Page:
Gay pride, Slovak shame

As the tear gas filled our eyes at Gay Pride Bratislava on Saturday, causingmy two-year-old daughter to shriek with pain and fear, my first thought was- where are the police? How can this be happening?

As the tear gas filled our eyes at Gay Pride Bratislava on Saturday, causing
my two-year-old daughter to shriek with pain and fear, my first thought was
- where are the police? How can this be happening?

Every country has its bald-headed primitives who need little excuse to put
on their boots and go "kick some ass". But it's not often you see a police
escort less prepared for violence, or less willing to deal with it once it
erupts. After all, this was the first ever gay parade in conservative
Slovakia, where neo-Nazi websites have been calling on skinheads for months to
"come and kick some gay butts and express your disagreement with this
disease that is killing our race and our nation!" So what where the police
expecting? Courteous disagreement?

Already as we were approaching the rally, with my wife and 11-year-old son,
you could sense trouble. The streets were full of shifty-eyed "protectors of
the traditional family" with their black bomber jackets and clenched fists.
What they were not full of was police in riot gear. A few dozen
disinterested city cops stood around in groups, their body language
indicating they sympathized more with the skinheads than with the colourful
demonstrators.

As the first speakers took the stage, disruptions began on the north side of
Hviezdoslav Square, where there were no police. Men who had mingled with the
crowd began shouting insults. A few minutes later they dropped the first of
perhaps five tear-gas canisters and casually walked away. Still no police.
Finally, as people began to run, a trio of riot police walked over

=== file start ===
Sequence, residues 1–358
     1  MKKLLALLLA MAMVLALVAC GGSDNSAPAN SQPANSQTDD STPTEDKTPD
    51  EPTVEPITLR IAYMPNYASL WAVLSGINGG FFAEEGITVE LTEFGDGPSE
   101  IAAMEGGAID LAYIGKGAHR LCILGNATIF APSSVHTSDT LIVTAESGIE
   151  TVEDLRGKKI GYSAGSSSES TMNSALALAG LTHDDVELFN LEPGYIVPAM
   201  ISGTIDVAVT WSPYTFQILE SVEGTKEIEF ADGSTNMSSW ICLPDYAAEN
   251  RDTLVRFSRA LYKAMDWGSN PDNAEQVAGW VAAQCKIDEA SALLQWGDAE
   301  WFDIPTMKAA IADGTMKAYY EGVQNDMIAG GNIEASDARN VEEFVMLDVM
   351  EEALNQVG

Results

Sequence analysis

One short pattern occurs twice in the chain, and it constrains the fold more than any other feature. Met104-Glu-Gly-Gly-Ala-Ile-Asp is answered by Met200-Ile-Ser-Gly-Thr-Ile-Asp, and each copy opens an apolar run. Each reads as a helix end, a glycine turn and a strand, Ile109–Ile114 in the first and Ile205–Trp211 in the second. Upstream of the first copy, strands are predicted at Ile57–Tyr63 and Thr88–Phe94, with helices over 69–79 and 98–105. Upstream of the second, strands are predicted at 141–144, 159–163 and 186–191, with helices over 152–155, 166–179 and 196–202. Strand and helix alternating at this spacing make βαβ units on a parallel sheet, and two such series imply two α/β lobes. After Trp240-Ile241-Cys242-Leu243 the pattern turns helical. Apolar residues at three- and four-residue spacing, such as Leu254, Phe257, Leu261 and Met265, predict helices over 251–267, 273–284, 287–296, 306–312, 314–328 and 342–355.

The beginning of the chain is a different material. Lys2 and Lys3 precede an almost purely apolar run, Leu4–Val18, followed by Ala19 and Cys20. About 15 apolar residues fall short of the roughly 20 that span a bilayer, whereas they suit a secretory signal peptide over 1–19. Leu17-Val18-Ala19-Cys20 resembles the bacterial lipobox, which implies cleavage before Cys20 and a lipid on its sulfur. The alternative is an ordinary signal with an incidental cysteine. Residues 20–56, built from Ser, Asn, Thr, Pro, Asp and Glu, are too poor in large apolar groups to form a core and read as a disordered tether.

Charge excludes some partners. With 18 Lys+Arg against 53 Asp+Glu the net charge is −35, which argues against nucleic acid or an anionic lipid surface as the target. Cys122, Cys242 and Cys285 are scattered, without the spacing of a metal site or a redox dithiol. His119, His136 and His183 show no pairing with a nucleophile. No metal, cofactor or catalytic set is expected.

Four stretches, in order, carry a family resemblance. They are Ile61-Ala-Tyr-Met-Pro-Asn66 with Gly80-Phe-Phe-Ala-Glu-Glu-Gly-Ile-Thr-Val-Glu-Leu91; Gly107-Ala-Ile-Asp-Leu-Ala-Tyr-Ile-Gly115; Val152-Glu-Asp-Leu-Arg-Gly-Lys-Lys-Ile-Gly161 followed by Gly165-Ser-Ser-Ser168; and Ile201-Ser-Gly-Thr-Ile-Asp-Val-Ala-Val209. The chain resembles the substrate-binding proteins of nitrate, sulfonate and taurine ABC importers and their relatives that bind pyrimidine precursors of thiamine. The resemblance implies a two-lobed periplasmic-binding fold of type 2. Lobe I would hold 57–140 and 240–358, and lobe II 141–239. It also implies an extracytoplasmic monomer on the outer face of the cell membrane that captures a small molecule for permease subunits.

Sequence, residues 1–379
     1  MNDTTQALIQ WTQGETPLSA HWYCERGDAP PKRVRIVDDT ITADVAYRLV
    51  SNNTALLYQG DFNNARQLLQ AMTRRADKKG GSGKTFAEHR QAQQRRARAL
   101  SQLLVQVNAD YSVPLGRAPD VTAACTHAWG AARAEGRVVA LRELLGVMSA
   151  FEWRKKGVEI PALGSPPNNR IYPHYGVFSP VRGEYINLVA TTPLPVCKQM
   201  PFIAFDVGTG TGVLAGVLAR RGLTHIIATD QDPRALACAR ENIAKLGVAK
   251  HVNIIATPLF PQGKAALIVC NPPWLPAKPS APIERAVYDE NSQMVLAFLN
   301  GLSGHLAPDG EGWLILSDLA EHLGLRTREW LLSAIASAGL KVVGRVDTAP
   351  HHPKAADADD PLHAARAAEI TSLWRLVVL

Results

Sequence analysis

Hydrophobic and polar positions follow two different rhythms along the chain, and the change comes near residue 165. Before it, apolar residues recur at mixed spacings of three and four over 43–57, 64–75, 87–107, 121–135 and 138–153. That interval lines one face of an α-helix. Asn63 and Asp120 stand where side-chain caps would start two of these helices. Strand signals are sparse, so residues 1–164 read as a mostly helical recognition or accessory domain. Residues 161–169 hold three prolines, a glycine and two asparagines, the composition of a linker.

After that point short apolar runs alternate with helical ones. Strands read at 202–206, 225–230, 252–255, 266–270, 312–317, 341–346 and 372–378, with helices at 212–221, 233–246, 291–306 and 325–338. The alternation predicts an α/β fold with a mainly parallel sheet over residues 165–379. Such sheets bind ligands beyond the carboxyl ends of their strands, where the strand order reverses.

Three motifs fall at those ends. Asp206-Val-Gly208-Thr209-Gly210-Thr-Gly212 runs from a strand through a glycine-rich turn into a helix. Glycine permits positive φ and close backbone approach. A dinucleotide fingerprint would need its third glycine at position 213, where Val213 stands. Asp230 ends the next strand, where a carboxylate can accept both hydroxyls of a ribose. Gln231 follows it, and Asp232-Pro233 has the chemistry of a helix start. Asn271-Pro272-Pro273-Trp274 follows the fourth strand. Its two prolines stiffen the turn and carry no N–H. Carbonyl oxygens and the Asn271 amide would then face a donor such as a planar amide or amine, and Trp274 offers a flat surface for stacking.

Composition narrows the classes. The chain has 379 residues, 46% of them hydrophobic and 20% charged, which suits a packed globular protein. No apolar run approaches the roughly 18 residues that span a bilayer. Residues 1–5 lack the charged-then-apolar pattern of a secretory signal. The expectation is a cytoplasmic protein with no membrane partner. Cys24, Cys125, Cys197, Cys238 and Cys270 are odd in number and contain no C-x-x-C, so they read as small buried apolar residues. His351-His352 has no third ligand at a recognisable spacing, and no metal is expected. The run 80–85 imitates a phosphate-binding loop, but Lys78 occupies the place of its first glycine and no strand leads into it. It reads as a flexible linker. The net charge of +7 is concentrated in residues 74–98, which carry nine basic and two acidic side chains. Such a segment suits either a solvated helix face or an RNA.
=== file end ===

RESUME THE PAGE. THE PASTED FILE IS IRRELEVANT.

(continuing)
nonchalantly, as if responding to a complaint about noisy teenagers.
Meanwhile, the organizers cancelled the planned parade, saying that in
addition to the hundred morons chanting threats behind the stage there were
hundreds more waiting and planning violence in side streets.

This was hardly a failure of intelligence. Both the police and the secret
services have special units that monitor extremist groups, and the skinheads
made no secret of their intentions. No - this was a depressing reminder that
the Slovak police identify with far-right hooligans, and that they are not
yet professional enough to robustly protect the right of all Slovaks - even
pinko liberals and faggots - to assemble peacefully.

But the police would never have dared to neglect their duty if they didn't
feel support from the political establishment. Bratislava City Hall may have
grudgingly authorized Gay Pride, but its scant concern for the
demonstrators' security bears the disapproving stamp of Mayor Andrej
Ďurkovský's Christian Democrats. The anti-gay demonstration organized by the
church a week before Gay Pride was another important clue to the feelings of
the silent Slovak majority.

That Saturday demonstration was called because homosexuals live in constant
fear of violence and discrimination if they make their orientation public.
It was attended by hundreds of heterosexual couples and families who wanted
to support their gay fellow citizens in their struggle against intolerance
and primitivism. Not to mention the scores of tourists and pedestrians who
simply stopped by to see what was going on.

What shocked us all was not the handful of hateful bigots on hand, but the
collective indifference of "normal" Slovaks to this hatred, so eloquently
expressed in the reluctance of our protectors. In a country that has sent
thousands of its minorities to gas chambers within living memory, how can
people be still so ignorant of the dangers of intolerance?

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